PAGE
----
Blackrock apartment scheme gets green light from council

Seabren Developments secures permission to build apartments on the site of the former Europa Garage site at Newtown Avenue

Businessman Michael Moran’s Seabren Developments has secured planning permission to construct an apartment scheme on the site of the former Europa Garage site at Newtown Avenue in Blackrock, south Dublin.

Seabren Developments had lodged plans for 91 apartments made up of 49 one-bedroom units, 38 two bedroom units and four three-bedroom units.

However, Dún Laoghaire Rathdown County Council has ruled that 50 per cent of the apartments be two-bedroom units, and ordered the merging of some one-bedroom homes.

The council included the condition after finding that the proposal by the developer to have 54 per cent of units as one-bedroom units did not comply with guidelines concerning apartment building.


The council stated that the mainly four storey scheme – which faced some local objections – marginally exceeded the maximum height limits allowed under the Blackrock Local Area Plan and therefore does not fully comply with the Building Height Strategy of the current Dún Laoghaire Rathdown County Development Plan.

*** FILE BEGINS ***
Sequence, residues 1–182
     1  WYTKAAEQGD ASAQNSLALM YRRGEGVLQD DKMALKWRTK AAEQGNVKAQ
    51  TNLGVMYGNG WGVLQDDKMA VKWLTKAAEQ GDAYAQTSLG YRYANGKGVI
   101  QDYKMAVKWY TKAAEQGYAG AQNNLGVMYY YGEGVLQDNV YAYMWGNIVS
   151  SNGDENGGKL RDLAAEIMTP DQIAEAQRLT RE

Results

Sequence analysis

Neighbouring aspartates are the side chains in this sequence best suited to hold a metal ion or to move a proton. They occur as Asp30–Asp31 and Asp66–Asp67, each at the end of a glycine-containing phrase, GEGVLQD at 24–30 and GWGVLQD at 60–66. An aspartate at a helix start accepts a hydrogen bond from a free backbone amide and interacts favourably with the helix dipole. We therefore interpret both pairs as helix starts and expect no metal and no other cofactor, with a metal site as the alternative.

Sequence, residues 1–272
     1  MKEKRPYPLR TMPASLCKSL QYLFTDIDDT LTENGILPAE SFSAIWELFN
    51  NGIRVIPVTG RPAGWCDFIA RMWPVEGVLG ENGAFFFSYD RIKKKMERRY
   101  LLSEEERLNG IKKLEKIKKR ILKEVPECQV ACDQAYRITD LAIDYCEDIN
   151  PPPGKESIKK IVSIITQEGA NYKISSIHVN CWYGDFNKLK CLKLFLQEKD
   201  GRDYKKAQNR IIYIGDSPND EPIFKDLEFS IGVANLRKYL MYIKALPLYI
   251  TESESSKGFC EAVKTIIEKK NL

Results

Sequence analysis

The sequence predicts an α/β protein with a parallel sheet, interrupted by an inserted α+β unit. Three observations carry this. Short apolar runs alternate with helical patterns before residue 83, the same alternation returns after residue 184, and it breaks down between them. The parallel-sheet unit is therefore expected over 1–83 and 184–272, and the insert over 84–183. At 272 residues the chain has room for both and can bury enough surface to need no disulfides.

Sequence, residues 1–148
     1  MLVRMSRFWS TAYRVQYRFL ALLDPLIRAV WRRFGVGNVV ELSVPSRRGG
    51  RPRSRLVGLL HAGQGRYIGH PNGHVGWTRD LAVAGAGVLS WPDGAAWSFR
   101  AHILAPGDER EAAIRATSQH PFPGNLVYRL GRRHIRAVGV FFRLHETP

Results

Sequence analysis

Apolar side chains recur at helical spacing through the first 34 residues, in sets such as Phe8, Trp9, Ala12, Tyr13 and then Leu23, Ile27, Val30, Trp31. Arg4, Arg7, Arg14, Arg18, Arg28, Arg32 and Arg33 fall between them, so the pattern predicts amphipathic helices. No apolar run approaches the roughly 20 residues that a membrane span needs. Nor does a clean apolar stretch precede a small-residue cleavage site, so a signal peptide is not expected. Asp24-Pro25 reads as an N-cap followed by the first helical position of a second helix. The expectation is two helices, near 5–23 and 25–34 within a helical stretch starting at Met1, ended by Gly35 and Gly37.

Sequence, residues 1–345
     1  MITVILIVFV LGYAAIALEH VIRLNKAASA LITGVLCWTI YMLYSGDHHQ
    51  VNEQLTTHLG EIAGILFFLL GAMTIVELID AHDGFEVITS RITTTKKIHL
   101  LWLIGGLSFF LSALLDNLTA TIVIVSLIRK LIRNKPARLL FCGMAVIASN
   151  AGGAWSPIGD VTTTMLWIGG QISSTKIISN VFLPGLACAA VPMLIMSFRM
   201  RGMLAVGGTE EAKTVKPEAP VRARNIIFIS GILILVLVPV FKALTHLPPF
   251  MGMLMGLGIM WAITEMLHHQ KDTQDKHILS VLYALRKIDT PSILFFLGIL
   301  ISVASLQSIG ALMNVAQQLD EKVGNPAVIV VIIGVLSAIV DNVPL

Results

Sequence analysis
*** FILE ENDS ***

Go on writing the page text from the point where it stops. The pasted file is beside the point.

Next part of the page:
The planner’s report, however, stated that the council was “satisfied that the proposed development provides an innovative and attractive design response”.

Additional height

The council report stated the additional height was concentrated in the least sensitive portion of the site and can be absorbed without unreasonably compromising the residential amenity of properties within the vicinity.

The council said it was satisfied the proposal “has been designed to a high standard and will provide a positive contribution to the surrounding building environment”.

As part of its requirements to comply with Part V social housing obligations, the developer has  put an indicative average cost of €382,964 on each unit, and was proposing to sell 10 to the council.

Kevin Conway of Newtown Avenue, Blackrock told the council the Europa site has been derelict for some years despite developers having been granted planning permission on at least two separate occasions to build residential units there.

Mr Conway stated: “This latest development continues the trend of completely inappropriate high-density, massive scale developments in a low rise, family orientated residential area with widely acknowledged traffic issues.”

He claimed the density of the scheme was “completely out of character with the density of the surrounding neighbourhood”.

Gordon Deegan

Gordon Deegan

Gordon Deegan is a contributor to The Irish Times